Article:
Volvo CEO, Jim Rowan, recently made the bullish claim by 2025 electric Volvos will cost the same as gasoline cars. He speculates that this will be due to the battery technology which he thinks will be much more advanced and efficient by then. He said that electric cars will use smaller battery packs and will have better range, in addition to new battery chemistries that won’t require as much lithium.

The company has one of the most ambitious plans among the global automakers, to switch to only all-electric car production  by 2030. Volvo is withdrawing from any combustion engine development programs and manufacturing and is focusing purely on electric drivetrain development. The company claims that by 2025 at least half of its production will be electric vehicles, the other half will be hybrids.

Battery grade Lithium carbonate (LiCO3) which is currently used in today's electric vehicles, went from $28,400 USD a metric ton in November 2021 to nearly $85,000 USD last week. In November 2020 that price stood at just over $5,500 - that’s a 15 and half times price increase in just two years. On average an electric car battery needs 850 grams of Lithium carbonate per kWh of its capacity -  there is 85 kg of it in the battery of Tesla Model X and its cost went from $470 two years ago to $7,225 today. That’s just Lithium - the same happened to cobalt, phosphate, manganese, nickel and even iron.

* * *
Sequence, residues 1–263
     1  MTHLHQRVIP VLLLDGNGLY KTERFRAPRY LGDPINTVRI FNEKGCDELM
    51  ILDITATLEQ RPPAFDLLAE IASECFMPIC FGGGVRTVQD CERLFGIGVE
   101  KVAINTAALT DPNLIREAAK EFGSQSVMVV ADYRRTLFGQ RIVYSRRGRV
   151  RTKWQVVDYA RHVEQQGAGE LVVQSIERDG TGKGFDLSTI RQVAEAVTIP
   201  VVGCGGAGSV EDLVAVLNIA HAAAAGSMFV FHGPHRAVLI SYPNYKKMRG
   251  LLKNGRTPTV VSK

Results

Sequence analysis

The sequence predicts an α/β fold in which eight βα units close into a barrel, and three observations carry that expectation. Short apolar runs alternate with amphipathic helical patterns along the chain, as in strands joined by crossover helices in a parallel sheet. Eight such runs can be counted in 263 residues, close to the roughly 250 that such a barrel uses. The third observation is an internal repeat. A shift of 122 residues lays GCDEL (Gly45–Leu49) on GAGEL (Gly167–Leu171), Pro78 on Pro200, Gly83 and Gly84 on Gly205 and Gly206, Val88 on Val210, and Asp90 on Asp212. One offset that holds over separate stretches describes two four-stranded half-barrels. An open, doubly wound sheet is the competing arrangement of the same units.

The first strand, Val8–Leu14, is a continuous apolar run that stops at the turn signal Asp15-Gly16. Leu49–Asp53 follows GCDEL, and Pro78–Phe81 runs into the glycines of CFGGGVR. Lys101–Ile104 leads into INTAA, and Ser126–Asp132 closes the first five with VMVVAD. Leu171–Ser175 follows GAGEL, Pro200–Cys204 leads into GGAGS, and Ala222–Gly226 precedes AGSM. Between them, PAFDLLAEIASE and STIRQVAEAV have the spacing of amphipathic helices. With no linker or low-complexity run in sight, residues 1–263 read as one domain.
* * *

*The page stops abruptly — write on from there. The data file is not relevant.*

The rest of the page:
With the global goals of car electrification having very aggressive deadlines, the costs of raw materials will likely only go up. Manufacturers will be forced to re-invent batteries and develop new technologies in order to make batteries smaller and use less expensive minerals.

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